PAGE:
Squid...It's What's for Dinner
|Photo from hubpages.com|
On board, however, the sea has become our supermarket. And fresh? You can't get any fresher than hauling a tuna aboard and slicing off a piece of sashimi to nibble on while you fillet the rest. Again, I will say, I'm not an adventurous eater, but I'm willing to try anything. Well, sea turtle cooked in coconut milk? No way. (yes, this was offered to me on more than one occasion) Okay, almost anything.
Since visiting New Zealand, I have had my first tastes of raw oysters (not again... ever), steamed green-lipped mussels (yum!), and raw scallops (double yum!). Our palates are adjusting as we travel to far away places and jump on the "eat local" bandwagon. From ocean to science lab to table.
Here's a journal entry written by Michael about the day we caught our first squid...
“Field Trip, Field Trip. This is Perry,” comes Matt’s muffled voice on our radio.
“Perry. Field Trip,” Dad answers.
“Come over! We are catching squid off the stern with our squid jig.”
So Dad tells us to hop in the dinghy, and wait for him. He hops in.
“And we’re off!” I yell.
“Come aboard!” says Matt when we pull up behind their boat. As I step onto the transom, I notice a bucket full of… SQUID!
“Michael!” Conrad shouts to say hello. “Dad, can Michael have a turn fishing?”
“Michael, come on down and try!” says Matt. I shudder at the thought of taking a squid off the lure. But actually, I don’t have to take a squid off the lure, because I don’t end up catching one. Matt tries again himself, and quickly catches another. Unfortunately, when he puts the squid in the bucket - SPLAT! Dark black ink juts out of the squid’s ink sack, right onto Johnny’s bright orange shirt!
“Whoa,” said Johnny. “Squid tie-dye!”
We put one squid in a separate bucket to examine it. Its rubbery skin turns blue to match the bucket! When I touch it, its spots return. Johnny pets it like it is his new pet! We all keep imagining that it will torpedo out of the bucket at us with one squirt. “Target locked,” Mark says when it aims toward me.
Squid are fascinating sea creatures. They belong to the Phylum Mollusca, but do not have an outer shell. They are more specifically cephalopods, related to the octopus. In relation to their body size, they have the largest eyeball in the animal kingdom. (In case you're wondering, no, I did not eat the eyeball.) They are believed to be the fastest invertebrate on Earth, using jet propulsion to dart away from predators. But the skin of the squid is what I find most amazing. Chromatophores in the skin allow them to change color and pattern in order to blend into their surroundings and communicate with each other. Bio-luminescent organs within the skin in some species enable them to glow and blink in various sequence. Our captured specimen gave us a beautiful display in the bucket as the kids cautiously, and not-so-cautiously, poked and prodded it.
Interestingly, the ink they squirted out all over Johnny and on the deck and stern steps of our friends' boat was more of a gel than I expected it to be. It was almost stringy. Just FYI for any boaters reading this - remove any squid ink with saltwater quickly before it has time to dry. If you don't get to it in time, the cleanser you use for your fiberglass should work, applied with a little elbow grease, of course ;). And the best tip I've learned for squidding? Always do it on someone else's boat!!!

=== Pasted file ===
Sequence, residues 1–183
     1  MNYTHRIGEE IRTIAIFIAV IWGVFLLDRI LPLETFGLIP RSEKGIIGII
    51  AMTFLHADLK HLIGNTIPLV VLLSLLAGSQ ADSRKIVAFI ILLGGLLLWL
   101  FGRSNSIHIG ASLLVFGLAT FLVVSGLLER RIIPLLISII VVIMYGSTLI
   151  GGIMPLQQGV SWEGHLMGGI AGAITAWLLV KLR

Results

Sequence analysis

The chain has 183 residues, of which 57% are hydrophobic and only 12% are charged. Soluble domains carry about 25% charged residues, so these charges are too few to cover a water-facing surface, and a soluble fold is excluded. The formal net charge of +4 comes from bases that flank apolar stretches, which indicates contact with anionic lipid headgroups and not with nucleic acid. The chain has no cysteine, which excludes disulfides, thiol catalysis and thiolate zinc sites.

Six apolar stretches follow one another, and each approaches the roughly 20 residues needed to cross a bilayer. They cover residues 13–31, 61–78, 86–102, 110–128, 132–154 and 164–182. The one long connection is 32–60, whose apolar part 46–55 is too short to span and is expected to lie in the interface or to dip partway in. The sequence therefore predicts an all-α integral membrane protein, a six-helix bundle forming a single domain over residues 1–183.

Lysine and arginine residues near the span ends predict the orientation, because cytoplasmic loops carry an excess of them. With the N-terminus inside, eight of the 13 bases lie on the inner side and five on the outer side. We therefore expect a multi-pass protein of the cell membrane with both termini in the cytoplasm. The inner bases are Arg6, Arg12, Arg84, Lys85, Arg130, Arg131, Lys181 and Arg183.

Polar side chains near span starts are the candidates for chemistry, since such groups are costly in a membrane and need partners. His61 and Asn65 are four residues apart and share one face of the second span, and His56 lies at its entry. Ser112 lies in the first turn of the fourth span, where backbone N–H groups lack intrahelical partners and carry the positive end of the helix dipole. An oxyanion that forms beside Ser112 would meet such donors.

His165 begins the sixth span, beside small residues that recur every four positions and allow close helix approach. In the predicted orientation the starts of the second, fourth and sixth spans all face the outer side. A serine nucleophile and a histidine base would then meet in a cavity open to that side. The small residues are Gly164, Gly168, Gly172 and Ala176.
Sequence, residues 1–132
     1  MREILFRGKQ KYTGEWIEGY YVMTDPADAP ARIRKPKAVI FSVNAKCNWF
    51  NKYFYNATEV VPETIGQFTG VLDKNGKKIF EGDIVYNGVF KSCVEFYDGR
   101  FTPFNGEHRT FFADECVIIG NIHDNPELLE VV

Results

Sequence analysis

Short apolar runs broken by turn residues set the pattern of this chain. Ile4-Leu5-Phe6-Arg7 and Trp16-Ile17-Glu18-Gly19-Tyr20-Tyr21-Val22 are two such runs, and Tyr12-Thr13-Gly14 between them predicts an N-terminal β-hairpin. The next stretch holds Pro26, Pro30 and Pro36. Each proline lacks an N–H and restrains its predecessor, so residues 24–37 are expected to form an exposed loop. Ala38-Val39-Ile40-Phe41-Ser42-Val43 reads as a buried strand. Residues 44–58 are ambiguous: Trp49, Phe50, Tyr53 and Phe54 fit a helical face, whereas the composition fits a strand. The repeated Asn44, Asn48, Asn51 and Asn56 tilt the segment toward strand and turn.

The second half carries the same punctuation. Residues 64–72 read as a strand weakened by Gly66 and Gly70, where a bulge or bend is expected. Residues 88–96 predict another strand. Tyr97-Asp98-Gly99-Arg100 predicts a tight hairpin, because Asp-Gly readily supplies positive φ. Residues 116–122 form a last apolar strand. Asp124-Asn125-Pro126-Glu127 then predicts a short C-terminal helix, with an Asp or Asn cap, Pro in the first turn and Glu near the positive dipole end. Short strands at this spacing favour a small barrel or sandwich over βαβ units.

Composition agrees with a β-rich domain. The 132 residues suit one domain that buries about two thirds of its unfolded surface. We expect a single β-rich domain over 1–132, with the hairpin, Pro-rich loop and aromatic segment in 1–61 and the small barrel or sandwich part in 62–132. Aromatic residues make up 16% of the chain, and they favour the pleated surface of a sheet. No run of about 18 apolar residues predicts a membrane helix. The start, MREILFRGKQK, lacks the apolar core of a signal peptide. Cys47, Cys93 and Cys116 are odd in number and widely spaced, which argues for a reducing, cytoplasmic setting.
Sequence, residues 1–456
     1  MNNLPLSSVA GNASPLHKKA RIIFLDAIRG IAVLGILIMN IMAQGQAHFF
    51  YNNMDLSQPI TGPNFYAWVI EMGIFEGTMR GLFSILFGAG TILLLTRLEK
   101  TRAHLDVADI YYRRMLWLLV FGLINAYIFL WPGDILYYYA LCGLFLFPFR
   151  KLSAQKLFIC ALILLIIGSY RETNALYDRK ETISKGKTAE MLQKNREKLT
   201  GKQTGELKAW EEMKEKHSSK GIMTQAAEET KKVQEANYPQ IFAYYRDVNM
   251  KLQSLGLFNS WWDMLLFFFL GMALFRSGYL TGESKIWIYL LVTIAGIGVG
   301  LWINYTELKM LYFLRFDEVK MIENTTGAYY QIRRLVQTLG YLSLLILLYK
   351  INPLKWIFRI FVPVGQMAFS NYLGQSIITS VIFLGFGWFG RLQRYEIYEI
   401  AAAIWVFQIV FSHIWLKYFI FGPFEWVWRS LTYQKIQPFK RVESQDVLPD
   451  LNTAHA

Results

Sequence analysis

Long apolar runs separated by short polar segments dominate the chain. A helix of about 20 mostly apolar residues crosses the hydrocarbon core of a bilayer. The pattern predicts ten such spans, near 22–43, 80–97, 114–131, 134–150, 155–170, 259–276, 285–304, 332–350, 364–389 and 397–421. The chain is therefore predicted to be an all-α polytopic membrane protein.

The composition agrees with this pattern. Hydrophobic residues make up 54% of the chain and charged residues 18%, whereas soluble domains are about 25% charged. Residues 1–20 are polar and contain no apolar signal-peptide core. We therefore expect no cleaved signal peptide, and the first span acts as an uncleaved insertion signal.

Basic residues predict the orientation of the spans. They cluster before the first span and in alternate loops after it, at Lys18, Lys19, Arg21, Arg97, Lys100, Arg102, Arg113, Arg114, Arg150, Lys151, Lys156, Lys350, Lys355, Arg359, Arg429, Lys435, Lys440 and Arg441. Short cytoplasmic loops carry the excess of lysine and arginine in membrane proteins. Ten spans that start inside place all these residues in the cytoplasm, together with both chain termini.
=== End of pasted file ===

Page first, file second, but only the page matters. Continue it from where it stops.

Later that day, Mark and Matt got together for a cold beer and lots of shucking - scallop shucking that is. They'd gone out the day prior to free dive for the "fillet mignon"of the sea and had found a vast bed of hundreds of them. Of course, there are specific regulations here on how many one can pillage and of what size. In New Zealand, one diver can take 20 scallops (at least 10 cm across) per person in the fishing vessel. That means if we happen to anchor the boat near a bed of scallops and Mark dives off the stern, he can pick up 80 legally. We didn't take nearly that many, but between both families, they had a fair amount of shucking to do!
|Male bonding, cruiser style.|
|Inside a scallop (Photo from Wikipedia)|
This was all new to us. We opened a shell and had to take a peek inside, trying to identify all of the parts. Along the outer edge, the scallop has about 60 little eyeballs that watch out for predators by detecting changes in light and movement. The adductor muscle (the part we would eat later) is the light colored circular portion that attaches the bottom shell to the top. The scallop uses this to open and close itself and shoot out jets of water for propulsion, a similar mode of locomotion to the squid. Incidentally, the squid and scallop are both mollusks, but unlike squid, they have an outer shell, putting them in the bivalve class. They are the only bivalves that can swim freely, although their 'swim' looks more like a 'clap'. One more fun fact... the dark orange organ is the female gonad, which is edible as well - mmmmm. And yes, I did try that bit, too!
|Diagram courtesy of Pinterest|
Our friends, Matt and Jen, on SV Perry were our cooking instructors that evening. They did much of the sous chef work - making the rice (with rice vinegar and sugar added for taste and texture), slicing the veggies and prepping the squid. Then they taught us how to make a proper sushi roll and relayed tips from the galley about how to best bread calamari and fry it without any casualties; although, Matt did almost lose an eye to spitting hot oil. Thankfully, he escaped the galley - sight intact - in time to gaze upon the spread of sumptuous seafood that filled the table. With a quick toast to all the work that went into this meal and a nod to the fascinating creatures that would soon fill our bellies, we proceeded to absolutely chow down.
|Why hadn't we learned how to do this before?|
|Layering sushi rice, toasted sesame seeds, and chopped scallops coated in a sriracha/mayo sauce|
|Now, that is FRESH! Let's eat!|